Comment: This state has never cherished its children equally. Neglect is state policy

If Nelson Mandela was right when he said, “The true character of society is revealed in how it treats its children,” then Irish society, this state, is sociopathic.  

The week before last The Ditch published disturbing revelations about the surgical treatment received by Children's Health Ireland (CHI) at Temple Street patients. For more than a year CHI had been trying to manage, secretly, the fallout from botched surgeries that had led to catastrophic consequences for the children affected, including at least one death.

CHI, despite being aware of the issue since at least July, only decided to order an investigation into the use of non-surgical springs on patients with spina bifida the same day The Ditch informed it that its secret was about to be made public. Were it not for the bravery of a whistleblower and the persistence of journalist Pádraig Ó Meiscilll, what happened in the hospital would have remained secret.

CHI has since last Monday been engaged in a public relations campaign that sought to make it seem that it hadn’t hidden the truth from affected families but was in fact a beacon of transparency. The parents of children waiting for surgery at Temple Street, who at this stage have lost all faith in CHI, haven’t bought this PR campaign. On Friday evening two patient advocacy groups issued a statement threatening to boycott CHI’s planned external review unless its scope is widened. They have also asked to meet with taoiseach Leo Varadkar.  

These families have been mistreated by the state for years while their children’s physical and mental health suffered. The least they deserve is a one-hour meeting with the head of the government that has consistently failed them and their children. Their concerns about the scope of the external review should not only be heard, but carefully considered.

But to place the blame on this current incarnation of the state would erase all that preceded it. A culture of child neglect has defined this state – a state that hasn’t increased child benefit in more than eight years while government ministers’ pay has increased by around 15 percent – since its foundation.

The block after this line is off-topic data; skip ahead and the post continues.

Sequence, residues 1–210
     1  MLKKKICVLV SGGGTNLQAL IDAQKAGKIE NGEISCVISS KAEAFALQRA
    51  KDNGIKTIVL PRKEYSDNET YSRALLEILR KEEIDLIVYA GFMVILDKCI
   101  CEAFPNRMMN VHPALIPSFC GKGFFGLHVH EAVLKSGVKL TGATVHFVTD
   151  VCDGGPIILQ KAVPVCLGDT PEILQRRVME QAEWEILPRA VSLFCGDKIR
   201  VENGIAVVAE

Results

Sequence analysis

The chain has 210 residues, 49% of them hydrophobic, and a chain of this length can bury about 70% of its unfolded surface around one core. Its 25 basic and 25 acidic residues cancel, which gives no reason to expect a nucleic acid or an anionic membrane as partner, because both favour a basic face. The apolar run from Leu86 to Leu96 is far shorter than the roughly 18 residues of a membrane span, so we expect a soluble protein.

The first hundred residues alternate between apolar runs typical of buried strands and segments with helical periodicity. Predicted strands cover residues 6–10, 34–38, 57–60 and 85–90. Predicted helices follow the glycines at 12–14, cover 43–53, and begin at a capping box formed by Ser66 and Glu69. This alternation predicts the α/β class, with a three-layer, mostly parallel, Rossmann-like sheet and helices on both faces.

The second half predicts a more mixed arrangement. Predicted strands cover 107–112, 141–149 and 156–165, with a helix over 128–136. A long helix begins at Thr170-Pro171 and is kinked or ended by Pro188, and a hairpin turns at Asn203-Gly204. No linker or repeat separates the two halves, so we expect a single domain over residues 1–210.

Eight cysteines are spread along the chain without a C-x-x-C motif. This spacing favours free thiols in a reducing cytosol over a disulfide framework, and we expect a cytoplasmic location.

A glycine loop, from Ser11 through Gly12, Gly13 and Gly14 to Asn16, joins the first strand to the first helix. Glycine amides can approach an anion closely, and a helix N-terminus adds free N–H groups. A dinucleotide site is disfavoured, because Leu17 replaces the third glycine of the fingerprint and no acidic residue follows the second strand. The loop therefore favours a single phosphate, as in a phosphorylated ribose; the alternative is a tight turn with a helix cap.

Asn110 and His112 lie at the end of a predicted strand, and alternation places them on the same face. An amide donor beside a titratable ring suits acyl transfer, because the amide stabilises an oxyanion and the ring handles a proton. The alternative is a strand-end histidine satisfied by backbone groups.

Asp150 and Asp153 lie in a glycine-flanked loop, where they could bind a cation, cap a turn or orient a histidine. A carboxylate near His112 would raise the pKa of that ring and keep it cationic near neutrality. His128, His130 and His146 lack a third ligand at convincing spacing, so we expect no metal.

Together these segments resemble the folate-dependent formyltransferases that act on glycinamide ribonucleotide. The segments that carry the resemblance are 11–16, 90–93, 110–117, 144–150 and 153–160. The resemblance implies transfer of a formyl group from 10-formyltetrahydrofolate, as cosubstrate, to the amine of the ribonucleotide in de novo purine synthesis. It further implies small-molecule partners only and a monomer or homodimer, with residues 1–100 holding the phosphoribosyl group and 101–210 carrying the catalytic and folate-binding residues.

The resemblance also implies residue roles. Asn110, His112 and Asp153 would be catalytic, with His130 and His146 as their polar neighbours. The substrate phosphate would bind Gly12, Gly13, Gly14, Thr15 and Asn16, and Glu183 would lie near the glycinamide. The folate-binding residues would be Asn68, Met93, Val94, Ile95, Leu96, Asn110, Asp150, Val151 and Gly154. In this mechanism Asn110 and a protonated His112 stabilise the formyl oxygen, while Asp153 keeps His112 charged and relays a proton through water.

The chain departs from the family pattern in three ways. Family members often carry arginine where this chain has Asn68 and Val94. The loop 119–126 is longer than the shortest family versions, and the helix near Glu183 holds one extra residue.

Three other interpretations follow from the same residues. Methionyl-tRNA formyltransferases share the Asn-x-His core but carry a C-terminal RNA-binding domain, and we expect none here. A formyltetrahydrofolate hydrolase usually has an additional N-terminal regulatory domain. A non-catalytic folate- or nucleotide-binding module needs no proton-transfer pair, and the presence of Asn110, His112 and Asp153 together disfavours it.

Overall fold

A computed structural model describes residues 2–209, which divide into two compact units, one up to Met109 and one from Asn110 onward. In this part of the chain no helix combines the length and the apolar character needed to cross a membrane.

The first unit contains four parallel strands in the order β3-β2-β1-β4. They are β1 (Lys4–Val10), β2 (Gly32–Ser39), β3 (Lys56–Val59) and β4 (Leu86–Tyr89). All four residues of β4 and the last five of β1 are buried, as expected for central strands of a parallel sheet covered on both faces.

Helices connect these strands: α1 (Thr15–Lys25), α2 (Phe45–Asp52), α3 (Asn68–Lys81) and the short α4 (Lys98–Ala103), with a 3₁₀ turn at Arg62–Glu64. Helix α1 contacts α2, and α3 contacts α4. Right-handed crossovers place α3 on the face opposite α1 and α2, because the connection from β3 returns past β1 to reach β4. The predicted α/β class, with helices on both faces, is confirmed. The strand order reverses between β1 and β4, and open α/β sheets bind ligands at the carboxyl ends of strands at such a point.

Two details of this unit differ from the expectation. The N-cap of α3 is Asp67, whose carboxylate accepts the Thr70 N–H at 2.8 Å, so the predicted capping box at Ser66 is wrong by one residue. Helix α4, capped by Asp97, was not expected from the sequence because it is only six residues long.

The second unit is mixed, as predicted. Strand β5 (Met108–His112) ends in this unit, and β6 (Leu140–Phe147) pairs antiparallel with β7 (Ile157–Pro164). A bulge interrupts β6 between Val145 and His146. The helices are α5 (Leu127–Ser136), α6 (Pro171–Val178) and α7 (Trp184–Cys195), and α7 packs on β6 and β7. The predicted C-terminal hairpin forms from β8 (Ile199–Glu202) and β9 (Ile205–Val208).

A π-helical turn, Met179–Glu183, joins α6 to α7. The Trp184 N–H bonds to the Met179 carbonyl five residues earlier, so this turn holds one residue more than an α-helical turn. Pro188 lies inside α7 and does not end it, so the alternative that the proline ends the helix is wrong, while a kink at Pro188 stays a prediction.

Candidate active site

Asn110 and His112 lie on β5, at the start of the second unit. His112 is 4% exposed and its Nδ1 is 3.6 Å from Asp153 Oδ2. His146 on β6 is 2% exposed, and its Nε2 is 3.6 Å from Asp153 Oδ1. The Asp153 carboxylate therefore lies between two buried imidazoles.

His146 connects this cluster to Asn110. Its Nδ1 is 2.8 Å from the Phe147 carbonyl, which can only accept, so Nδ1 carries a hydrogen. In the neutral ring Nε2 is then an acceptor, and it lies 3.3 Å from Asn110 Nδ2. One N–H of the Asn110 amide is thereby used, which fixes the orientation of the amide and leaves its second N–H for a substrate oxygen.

It’s been the unofficial policy of every government elected over the past century: Magdalene Laundries; children stolen, exported and sold to rich Americans; child sexual abuse on an industrial scale; one-parent mothers consistently demeaned; children unable to access the most basic mental health and disability services; and now Temple Street.

Children simply aren’t a priority.

Last week government politicians were agitated by the sight of an independent TD being jostled outside Leinster House by the far right. This public agitation didn’t, for these politicians, extend to Temple Street, with many staying silent.

The last time a government TD tweeted about spina bifida, as far as I can see, was in April this year. It was Fianna Fáil minister and medical doctor Jack Chambers. He was at an easter egg hunt to raise funds for a spina bifida charity. A worthy cause, but farcical when you're a minister in a cabinet that is demonstrably indifferent to the suffering of children with spina bifida and other disabilities.

Health minister Stephen Donnelly brings a certain transparency to the whole affair – a transparency about how little he cares for anything resembling accountability. When asked by several senior opposition politicians and some of the families affected by the Temple Street scandal to return to Ireland, he instead chose to remain in New York.

Leo Varadkar and tánaiste Micheál Martin, both also in the US when the news broke, expressed shock. They shouldn’t be humoured. Why should we believe they’re shocked at learning that a country with a longstanding tradition, which they have continued, of failing vulnerable children has failed again?  

When the multitude of investigations are completed and some level of finality is arrived at, the same broken families will be fighting for the same services and the same politicians will be making the same excuses. It's always been that way.

Next Easter you’ll likely see Varadkar and Martin celebrating the heroes of 1916 while watching a reenactment of the reading of the Proclamation of the Republic outside the GPO. Have they ever read the proclamation? It says that the republic will “(cherish) all the children of the nation equally”. If they travelled back in time and met the signatories of the proclamation could they look them in the eye and tell them that the nation cherishes its children equally?

Or even at all?

Roman Shortall

Roman Shortall